Even with this progress, one website describes the down side to these forms of media. An article in Social Work Today describes how the role of social networking websites in the recovery community can be over-emphasized. In fact, one person interviewed stated that these forms of social media may actually serve the same function as drugs in the recovering person’s life by pulling him or her away from the relationships that really matter. In essence, this social worker is describing a cross addiction to the internet which, in reality, is not unfounded. Newly sober drug addicts often try to fill the void from drugs and alcohol with other things.  However, this fact does not suggest that, on the whole, social networking is harmful.

Even though there are potential negatives in this new technologically advanced world, I say that the online recovery community still has its place. After all, it can serve an essential function for those who cannot physically get to a meeting or do not have access to a telephone.

As far as the ramifications go, I am going to leave that up to you, dear readers. What do you think the significance will be of digitizing recovery? Will there be a day when face to face twelve step meetings become obsolete? How does the internet affect personal relations on a whole? Please let me know what you think, as for now the only perspective I have is my own.

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Monday, May 14, 2012

Knowing Is Half the Battle

G.I. Joe: A Real American Hero (1985 TV series)
G.I. Joe: A Real American Hero (1985 TV series) (Photo credit: Wikipedia)

When I was a little kid, Saturday mornings were meant for one thing: cartoons. I remember waking up early and watching all the favorites; He-Man, The Smurfs, Thundercats, and G.I. Joe, the real American Hero. At the end of G.I. Joe, there was always an example of things kids usually did wrong. One of the Joes would be there to help ‘em out and explain that "knowing is half the battle." Now, I very rarely paid attention to this part, but somehow those words would stick with me.

  When I was entering into treatment a little over 8 years ago, my understanding of recovery and sobriety was very limited. I knew that what I was doing was wrong and I needed to stop, but I had no idea why I was doing the things I was, or, what it would take to stop. Sure, I knew I liked to get drunk, or stoned, but why had it gotten to this point? Surely, there was more to it. After I had finally accepted the fact that I needed the help and was truly willing to put in the work, my counselor started giving me packets to read. I didn't necessarily want to study these, but he assured me it would help. As I started to read them, then understand them, I slowly started to see the connections. I learned things like all the ways I had become dependent... not just physically, but emotionally and psychologically as well. I discovered how my thinking patterns had changed, how feelings like anger, guilt, shame, and fear had begun to rule my world. I recognized how, despite all my best efforts, I could not do anything about these problems alone. I felt as though I was beginning to know my disease... and like the Joes said, "knowing is half the battle." Armed with this knowledge, I was able to put together a plan to battle my disease, to confront it head on. I developed a sense of worth that was vital to my recovery. I now knew what my disease had done to me, and what I had to do differently to combat it. Day by day, the fight wore on, as it still does, and will for the rest of my life. However, strengthened with the understanding of what it takes to win, it seems like at least now it’s a fair fight.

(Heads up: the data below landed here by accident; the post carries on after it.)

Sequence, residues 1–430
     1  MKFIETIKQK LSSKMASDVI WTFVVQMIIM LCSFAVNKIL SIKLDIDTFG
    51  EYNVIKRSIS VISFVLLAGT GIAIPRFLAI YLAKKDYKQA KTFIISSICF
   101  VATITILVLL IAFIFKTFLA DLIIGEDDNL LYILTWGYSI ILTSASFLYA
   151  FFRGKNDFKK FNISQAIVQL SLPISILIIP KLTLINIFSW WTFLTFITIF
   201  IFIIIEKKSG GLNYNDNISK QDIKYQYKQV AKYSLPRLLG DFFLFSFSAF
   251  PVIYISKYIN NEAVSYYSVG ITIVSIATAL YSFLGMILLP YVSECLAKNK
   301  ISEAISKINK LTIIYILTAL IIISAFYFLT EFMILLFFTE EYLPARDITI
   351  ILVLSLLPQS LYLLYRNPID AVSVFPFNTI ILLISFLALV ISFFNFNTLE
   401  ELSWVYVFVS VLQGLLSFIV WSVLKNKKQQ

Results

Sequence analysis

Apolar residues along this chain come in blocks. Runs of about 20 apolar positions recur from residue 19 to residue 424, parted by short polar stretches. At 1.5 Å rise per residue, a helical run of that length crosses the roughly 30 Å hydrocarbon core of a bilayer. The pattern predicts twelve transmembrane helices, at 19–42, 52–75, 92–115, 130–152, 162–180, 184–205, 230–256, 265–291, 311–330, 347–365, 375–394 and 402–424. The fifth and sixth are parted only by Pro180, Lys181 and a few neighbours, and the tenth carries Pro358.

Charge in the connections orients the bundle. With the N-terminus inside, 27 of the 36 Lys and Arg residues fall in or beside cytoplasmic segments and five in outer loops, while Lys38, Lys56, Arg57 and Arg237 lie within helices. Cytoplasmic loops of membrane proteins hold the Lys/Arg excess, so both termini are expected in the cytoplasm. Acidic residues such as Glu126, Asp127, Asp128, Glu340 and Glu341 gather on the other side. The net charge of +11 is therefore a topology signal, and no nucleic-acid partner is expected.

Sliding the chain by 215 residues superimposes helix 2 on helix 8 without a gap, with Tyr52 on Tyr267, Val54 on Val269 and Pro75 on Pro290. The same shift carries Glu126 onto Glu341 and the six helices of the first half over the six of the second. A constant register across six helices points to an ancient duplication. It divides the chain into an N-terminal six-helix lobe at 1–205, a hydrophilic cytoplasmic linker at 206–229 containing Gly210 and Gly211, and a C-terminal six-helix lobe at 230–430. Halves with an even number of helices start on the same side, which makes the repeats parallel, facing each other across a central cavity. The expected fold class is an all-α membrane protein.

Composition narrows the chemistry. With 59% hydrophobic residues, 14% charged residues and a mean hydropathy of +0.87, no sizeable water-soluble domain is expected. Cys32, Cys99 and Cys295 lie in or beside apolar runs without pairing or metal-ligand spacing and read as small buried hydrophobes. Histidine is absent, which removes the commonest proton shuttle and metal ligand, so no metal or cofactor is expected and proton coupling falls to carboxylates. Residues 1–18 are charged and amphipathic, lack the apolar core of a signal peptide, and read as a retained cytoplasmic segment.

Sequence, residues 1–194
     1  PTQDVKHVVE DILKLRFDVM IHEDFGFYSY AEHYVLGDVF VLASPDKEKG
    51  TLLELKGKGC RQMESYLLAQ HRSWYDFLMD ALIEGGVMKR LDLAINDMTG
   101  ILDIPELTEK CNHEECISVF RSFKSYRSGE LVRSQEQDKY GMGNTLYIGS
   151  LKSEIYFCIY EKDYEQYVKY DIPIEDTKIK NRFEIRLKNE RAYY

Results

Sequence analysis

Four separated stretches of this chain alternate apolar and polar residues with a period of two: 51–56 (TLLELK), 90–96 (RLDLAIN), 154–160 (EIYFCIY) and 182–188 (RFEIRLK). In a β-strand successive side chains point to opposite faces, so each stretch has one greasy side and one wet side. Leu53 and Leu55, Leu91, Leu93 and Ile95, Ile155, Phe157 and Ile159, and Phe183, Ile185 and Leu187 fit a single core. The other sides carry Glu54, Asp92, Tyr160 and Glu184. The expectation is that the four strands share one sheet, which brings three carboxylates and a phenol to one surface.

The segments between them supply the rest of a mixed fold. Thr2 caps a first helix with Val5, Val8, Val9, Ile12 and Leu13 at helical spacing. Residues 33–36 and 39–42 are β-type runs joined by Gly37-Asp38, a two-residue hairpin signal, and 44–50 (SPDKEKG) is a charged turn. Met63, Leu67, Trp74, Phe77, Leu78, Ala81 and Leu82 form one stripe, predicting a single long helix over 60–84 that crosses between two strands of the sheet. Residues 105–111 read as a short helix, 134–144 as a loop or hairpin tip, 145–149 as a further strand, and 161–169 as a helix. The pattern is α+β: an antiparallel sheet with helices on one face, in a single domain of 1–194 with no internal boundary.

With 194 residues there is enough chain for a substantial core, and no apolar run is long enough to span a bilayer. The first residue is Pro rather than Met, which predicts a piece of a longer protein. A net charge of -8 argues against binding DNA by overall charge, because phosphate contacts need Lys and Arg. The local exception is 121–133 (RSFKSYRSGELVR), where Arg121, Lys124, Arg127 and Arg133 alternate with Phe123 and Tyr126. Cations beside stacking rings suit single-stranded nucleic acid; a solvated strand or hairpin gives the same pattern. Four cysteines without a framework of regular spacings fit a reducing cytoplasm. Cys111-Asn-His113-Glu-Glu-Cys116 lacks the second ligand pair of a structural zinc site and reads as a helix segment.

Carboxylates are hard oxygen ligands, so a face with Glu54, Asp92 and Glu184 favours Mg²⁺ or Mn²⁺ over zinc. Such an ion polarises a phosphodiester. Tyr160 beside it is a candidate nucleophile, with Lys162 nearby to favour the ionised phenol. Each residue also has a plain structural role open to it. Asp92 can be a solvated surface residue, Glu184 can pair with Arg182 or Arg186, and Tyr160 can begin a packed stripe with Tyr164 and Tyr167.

In my experience, it's never okay or time to quit learning. As we enter new phases and areas of life, we are faced with new challenges and difficulties to overcome. The more we come to know about these challenges, the better equipped we will be to face them and persevere.

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    - - Written by Brock Self, head of the Utilization Review Department

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Monday, May 7, 2012

Sponsors and the Twelve Steps

Erasing addiction is less easy than anyone thought       (Photo credit: Alan Cleaver)
When an addict enters into recovery, it is easy for him or her to become lost and confused. It is a brand new world for the recovering addict, much different from pre-sobriety, where regulation of emotion and stress was controlled by consumption of drugs and alcohol. Without this chemical crutch, the ensuing confusion can be a dangerous state. Twelve Step (12 Step) programs suggest that someone new to sobriety get a sponsor, someone who can help the addict navigate through these new waters.
Sponsors are invaluable to the recovery process. They provide much needed guidance, and act as a mentor in recovery. An essential function of sponsors is that they provide much needed social support. This is a vital role, as newly sober individuals are often plagued by difficult emotions and irrational thinking. By bouncing ideas off of their sponsors, addicts are able to reform their thoughts to meet this sober way of life. 

As the addict begins to grow into his or her new found sobriety, sponsors serve another essential purpose. They help the recovering person work the 12 steps. These steps are the primary means of recovery utilized in more than fifty-four (54) 12 Step based fellowships around the world. A list of these fellowships can be found here.

In 12 Step programs the steps are used to change individuals from the inside out. The power of these steps has been proven by the millions of people worldwide who have suffered from addiction or other compulsive behaviors and have since recovered through active 12 Step work.
The sponsor utilizes his or her history in addiction and compulsive behaviors as a resource to help the newly sober individual work through the 12 steps and to provide support in hard times. Indirectly, the sponsor acts as a role model for the addict/alcoholic and paves a way for success. Through utilizing this support, the addict can recover from a seemingly hopeless state and be set on a path of freedom from his or her addiction.

Who serves as a role model in your life? There are plenty of examples of people we turn to for guidance, weather in recovery or outside of it. Who do you turn to in time of need?  We want to hear from you!